We hear it all the time: Knowing your credit score and credit history is critical to maintaining your financial fitness.
Want to refinance? Getting a peek at your credit score is considered prudent before sitting down with a banker. Looking at renting a new apartment? Many landlords consider credit reports the tell-tale sign of whether you will be a good tenant. We're told having an up-to-date view of not only credit history, but also how it's tabulated numerically is a strength when dickering for that must-have home, car or lifestyle purchase.
Until recently, most of us figured the easiest way to get a snapshot of what bankers, lenders and other creditors see would be by ordering a copy of our credit score through a credit reporting agency.
While credit reporting agencies are required by law to supply consumers with a free credit report once a year, that summary doesn’t include your credit score – the actual number that suggests to lenders just how financially fit you really are. In most cases, that inside intel must be purchased from a credit agency. And not surprisingly, it often isn’t cheap.
But according to the Consumer Financial Protection Bureau (CFPB), the guys that oversee and enforce regulations regarding credit reporting, getting an accurate picture of what lenders see is actually harder than it would seem.
Last week, the CFPB levied fines against two of the country’s three largest credit reporting agencies for, among other things, “deceiving consumers in marketing credit scores and credit products.” Put in layman’s terms, the CFPB asserts that TransUnion and Equifax sold products they knew might not provide the information consumers thought they were getting.
“TransUnion and Equifax deceived consumers about the usefulness of the credit scores they marketed, and lured consumers into expensive recurring payments with false promises,” CFPB Director Richard Cordray said in a statement released last week by the bureau.
Both companies base their credit assessments on specially-patented scoring models. The scores that TransUnion sells to consumers, for example, reflect credit assessments compiled by VantageScore Solutions LLC. And they are wholly different from the formula developed by its competitor, Equifax Credit Score.
What is interesting is that neither of these proprietary credit score systems is used by lenders to make credit decisions. The VantageScore Solutions model, the CFPB asserts, may have been marketed to lenders, but it isn’t necessarily the “gold standard” by banks and other lenders for determining that ever-critical lending decision.
Similarly, Equifax’s model, says CFPB, is an “educational model” and often has no bearing on decisions made by financial lenders.
Both companies, asserts the agency, misled consumers on the value of their product -- namely the ability of their patented credit-scoring system to match the assessment that lenders applied to potential customers.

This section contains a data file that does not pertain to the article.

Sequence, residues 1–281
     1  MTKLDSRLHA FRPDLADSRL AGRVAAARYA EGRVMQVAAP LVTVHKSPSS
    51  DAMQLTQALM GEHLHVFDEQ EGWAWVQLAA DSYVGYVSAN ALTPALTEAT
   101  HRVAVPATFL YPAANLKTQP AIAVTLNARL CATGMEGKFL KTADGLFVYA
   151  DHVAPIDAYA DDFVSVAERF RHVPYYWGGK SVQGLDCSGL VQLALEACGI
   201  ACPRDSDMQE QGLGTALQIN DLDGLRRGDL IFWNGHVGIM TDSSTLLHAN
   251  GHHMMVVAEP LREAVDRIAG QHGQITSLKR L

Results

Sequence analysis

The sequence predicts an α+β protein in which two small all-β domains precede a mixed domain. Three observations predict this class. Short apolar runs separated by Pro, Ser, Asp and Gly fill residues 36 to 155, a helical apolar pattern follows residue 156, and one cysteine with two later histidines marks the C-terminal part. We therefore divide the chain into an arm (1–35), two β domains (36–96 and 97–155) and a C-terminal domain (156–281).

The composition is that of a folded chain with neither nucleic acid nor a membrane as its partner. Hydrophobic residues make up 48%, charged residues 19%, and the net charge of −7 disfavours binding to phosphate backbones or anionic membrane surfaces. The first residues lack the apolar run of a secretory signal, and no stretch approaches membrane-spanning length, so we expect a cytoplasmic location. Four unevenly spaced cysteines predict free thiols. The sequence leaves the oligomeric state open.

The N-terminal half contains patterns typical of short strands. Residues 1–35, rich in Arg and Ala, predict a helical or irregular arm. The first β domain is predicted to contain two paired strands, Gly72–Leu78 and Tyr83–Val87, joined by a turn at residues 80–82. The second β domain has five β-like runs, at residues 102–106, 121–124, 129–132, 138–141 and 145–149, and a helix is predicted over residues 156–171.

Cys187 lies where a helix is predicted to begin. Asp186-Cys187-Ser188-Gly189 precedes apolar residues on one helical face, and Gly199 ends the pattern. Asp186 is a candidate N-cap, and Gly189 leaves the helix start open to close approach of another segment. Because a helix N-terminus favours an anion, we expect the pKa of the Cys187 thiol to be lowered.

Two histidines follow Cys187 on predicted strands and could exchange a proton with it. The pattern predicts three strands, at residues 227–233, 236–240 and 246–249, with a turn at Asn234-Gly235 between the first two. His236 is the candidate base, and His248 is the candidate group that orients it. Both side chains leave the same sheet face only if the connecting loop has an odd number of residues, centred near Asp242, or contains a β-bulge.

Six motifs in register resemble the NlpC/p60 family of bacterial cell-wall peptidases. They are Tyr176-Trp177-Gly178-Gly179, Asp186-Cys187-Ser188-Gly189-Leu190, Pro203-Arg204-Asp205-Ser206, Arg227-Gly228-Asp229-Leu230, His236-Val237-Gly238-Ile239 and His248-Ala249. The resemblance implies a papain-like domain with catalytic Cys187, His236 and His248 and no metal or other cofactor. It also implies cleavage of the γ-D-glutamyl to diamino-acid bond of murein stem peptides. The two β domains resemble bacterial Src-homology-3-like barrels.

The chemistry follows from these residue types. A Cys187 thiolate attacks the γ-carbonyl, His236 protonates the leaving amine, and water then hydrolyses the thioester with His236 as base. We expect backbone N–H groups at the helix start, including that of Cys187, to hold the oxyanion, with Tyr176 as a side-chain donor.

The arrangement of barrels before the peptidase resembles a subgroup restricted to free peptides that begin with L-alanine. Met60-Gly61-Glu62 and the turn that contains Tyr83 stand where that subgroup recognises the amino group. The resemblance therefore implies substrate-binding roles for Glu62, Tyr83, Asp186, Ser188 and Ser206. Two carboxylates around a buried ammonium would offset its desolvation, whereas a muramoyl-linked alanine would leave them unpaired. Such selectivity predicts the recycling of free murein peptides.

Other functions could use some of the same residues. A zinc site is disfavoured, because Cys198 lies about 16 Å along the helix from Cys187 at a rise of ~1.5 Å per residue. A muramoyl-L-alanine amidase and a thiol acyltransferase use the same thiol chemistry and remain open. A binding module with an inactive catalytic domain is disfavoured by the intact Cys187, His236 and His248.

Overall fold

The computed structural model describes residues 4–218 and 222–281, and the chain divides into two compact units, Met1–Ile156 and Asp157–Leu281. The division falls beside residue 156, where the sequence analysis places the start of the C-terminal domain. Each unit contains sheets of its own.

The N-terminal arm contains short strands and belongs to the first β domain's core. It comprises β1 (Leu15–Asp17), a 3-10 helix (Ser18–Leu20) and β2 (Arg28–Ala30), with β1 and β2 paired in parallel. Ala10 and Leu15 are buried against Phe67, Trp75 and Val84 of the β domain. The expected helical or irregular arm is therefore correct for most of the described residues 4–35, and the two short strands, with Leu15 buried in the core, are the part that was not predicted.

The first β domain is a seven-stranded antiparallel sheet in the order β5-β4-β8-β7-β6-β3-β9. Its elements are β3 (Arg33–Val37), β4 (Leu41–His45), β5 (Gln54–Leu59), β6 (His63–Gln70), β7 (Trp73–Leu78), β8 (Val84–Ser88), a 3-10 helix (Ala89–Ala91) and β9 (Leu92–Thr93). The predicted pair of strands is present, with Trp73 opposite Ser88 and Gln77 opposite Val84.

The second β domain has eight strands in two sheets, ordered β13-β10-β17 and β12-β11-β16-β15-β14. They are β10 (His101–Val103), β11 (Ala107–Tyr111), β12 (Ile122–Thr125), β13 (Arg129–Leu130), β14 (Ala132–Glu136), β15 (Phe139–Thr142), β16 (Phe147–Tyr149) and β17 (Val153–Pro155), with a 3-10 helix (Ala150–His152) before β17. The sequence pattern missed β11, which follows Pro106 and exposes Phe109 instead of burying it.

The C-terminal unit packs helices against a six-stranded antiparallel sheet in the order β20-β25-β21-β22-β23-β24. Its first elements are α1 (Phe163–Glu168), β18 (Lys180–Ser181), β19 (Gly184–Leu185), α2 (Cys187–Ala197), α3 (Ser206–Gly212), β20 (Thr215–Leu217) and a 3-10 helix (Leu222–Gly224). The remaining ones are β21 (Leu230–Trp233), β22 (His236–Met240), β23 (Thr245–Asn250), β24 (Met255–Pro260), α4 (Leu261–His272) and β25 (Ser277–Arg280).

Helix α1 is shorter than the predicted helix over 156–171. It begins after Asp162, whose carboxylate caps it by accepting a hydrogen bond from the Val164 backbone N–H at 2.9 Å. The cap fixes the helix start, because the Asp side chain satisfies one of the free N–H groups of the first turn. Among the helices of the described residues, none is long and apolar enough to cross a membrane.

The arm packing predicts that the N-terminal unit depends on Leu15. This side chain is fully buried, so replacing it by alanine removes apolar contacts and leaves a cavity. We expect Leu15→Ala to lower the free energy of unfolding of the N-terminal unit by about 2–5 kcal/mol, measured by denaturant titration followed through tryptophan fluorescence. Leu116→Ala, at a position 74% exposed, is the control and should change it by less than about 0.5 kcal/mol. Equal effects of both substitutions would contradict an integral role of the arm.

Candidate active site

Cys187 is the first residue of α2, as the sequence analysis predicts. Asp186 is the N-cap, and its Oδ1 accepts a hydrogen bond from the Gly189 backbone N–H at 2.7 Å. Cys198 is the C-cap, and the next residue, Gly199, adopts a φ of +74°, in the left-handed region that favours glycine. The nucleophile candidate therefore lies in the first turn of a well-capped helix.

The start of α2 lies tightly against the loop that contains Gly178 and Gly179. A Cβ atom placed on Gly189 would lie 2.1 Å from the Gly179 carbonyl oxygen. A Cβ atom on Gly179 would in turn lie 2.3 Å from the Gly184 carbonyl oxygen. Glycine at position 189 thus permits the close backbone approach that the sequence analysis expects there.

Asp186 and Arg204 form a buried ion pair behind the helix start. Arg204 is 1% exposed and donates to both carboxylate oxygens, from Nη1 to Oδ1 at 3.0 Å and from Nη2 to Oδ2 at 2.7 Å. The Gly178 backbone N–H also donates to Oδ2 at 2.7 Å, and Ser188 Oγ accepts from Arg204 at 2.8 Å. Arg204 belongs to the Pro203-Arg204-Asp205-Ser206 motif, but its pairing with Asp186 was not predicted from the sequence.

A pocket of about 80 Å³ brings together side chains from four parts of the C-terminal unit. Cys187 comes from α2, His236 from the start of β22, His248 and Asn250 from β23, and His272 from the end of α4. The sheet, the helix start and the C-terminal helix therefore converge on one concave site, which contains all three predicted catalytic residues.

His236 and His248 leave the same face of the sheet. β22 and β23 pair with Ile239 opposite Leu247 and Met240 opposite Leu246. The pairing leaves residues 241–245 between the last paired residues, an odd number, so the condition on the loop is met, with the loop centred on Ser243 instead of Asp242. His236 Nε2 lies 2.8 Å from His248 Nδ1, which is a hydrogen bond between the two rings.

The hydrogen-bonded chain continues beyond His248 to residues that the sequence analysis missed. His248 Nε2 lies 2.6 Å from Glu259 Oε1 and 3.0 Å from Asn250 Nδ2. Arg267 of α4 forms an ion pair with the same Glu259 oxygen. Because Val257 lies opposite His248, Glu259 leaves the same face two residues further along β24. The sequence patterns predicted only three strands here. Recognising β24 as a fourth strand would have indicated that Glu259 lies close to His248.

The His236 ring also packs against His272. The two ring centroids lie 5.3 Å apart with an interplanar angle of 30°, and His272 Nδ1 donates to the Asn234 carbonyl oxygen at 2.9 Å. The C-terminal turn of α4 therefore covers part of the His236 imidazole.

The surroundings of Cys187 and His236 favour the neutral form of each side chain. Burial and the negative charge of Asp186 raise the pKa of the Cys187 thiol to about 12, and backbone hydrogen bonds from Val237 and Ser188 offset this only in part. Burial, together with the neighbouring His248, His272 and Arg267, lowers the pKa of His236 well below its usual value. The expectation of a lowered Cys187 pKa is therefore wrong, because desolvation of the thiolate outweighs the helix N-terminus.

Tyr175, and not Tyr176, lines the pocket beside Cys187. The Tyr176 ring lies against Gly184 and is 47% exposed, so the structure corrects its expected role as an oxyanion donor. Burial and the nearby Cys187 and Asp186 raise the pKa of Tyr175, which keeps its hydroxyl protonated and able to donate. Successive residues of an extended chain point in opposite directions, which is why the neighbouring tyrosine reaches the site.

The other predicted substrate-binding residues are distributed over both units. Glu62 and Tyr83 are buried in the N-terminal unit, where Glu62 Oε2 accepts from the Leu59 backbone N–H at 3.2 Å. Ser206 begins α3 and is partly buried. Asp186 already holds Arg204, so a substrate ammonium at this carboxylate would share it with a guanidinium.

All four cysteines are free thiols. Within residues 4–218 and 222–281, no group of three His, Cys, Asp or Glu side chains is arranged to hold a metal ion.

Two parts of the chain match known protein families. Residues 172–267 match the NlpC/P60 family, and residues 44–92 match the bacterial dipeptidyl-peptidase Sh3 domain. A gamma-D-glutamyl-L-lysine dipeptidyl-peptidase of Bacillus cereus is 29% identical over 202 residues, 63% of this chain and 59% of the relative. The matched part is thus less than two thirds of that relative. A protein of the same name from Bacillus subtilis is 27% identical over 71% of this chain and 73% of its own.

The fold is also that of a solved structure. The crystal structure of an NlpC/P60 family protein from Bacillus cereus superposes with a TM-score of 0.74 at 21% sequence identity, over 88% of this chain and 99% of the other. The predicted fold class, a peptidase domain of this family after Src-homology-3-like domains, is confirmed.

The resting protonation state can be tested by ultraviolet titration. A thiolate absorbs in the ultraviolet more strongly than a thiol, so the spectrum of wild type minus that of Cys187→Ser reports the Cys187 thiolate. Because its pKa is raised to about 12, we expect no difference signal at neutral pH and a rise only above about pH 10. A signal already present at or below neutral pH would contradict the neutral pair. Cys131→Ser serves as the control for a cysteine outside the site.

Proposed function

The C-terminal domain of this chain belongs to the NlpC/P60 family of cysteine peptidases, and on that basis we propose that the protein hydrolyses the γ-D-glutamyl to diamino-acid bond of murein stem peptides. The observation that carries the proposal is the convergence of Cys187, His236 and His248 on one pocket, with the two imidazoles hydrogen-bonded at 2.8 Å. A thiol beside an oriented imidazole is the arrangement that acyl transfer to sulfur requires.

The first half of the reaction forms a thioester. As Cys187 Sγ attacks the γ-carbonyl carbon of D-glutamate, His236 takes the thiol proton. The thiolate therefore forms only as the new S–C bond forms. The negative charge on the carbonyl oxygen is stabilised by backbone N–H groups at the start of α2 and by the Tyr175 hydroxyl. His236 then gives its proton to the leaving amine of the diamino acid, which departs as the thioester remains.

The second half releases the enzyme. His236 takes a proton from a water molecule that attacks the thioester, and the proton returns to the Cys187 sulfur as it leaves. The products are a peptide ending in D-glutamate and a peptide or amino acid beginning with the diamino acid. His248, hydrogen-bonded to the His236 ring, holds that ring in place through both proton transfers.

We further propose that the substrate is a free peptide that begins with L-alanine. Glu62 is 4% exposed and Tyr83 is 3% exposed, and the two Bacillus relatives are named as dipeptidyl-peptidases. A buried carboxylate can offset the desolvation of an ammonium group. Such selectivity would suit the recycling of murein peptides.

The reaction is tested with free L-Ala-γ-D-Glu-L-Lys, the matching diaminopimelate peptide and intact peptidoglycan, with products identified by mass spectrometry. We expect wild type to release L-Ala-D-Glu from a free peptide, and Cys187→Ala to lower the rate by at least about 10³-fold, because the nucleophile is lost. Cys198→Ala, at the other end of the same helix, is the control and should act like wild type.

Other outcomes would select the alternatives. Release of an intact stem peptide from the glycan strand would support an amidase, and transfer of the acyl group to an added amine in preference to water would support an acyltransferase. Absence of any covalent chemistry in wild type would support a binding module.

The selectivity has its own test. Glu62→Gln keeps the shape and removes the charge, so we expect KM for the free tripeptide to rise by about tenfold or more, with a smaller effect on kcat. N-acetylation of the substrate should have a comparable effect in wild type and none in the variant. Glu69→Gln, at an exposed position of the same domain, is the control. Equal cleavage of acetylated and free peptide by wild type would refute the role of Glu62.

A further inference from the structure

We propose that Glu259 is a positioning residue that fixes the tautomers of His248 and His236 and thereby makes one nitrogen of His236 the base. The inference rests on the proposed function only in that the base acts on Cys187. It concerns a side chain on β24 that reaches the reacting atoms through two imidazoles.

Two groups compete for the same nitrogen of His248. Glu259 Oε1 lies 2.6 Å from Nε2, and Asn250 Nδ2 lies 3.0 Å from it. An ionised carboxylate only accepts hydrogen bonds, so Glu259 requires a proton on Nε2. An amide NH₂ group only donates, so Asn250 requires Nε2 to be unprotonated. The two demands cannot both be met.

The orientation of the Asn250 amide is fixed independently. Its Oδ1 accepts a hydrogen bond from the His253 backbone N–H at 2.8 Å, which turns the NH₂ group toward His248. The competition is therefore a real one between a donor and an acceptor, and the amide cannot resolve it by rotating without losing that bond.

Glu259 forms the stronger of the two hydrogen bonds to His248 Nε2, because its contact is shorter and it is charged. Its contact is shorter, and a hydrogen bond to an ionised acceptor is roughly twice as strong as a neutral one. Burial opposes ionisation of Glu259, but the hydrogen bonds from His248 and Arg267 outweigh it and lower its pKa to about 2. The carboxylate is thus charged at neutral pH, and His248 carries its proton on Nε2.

“TransUnion and Equifax falsely represented that the credit scores they marketed and provided to consumers were the same scores lenders typically use to make credit decisions.” the CFPB concluded.
The bureau also took the companies to task for advertising schemes that misled consumers on the cost of their services. The companies “falsely claimed that their credit scores and credit-related products were free or, in the case of TransUnion, cost only “$1. In reality, consumers who signed up received a free trial of seven or 30 days, after which they were automatically enrolled in a subscription program.”
Some consumers also complained that it was hard to cancel subscription programs and said they kept receiving demands for payment after they canceled the service.
CFPB also accused Equifax of illegally advertising its services to consumers when they logged on to AnnualCreditReport.com, the federally-mandated site that is designed to ensure that consumers can see a free copy of their credit reports once a year. Equifax operates the free site.
“Until January 2014, consumers getting their report through Equifax first had to view Equifax advertisements. This violates the Fair Credit Reporting Act, which prohibits such advertising until after consumers receive their report,” the CFPB determined.
To address the infractions, the bureau imposed a number of fines and requirements that are directed at reimbursing affected consumers and setting stricter controls over how reporting agencies can operate:
The upshot, said the CFPB, is that “consumers should avoid relying on scores they purchase as the sole basis for assessing their creditworthiness when making important decisions about obtaining credit.”
Although the study acknowledged that there were as many as five different types of scoring systems that lenders could use to evaluate consumer credit-worthiness, there was no suggestion that lenders should be required to disclose the scoring system they use.
Instead, said the CFPB, consumers should check their credit reports and be vigilant in disputing errors. “Credit scores are calculated based on information in a consumer’s credit file,” the bureau concluded.
Image credit: Flickr/Miran Rijavec
Jan Lee is a former news editor and award-winning editorial writer whose non-fiction and fiction have been published in the U.S., Canada, Mexico, the U.K. and Australia. Her articles and posts can be found on TriplePundit, JustMeans, and her blog, The Multicultural Jew, as well as other publications. She currently splits her residence between the city of Vancouver, British Columbia and the rural farmlands of Idaho.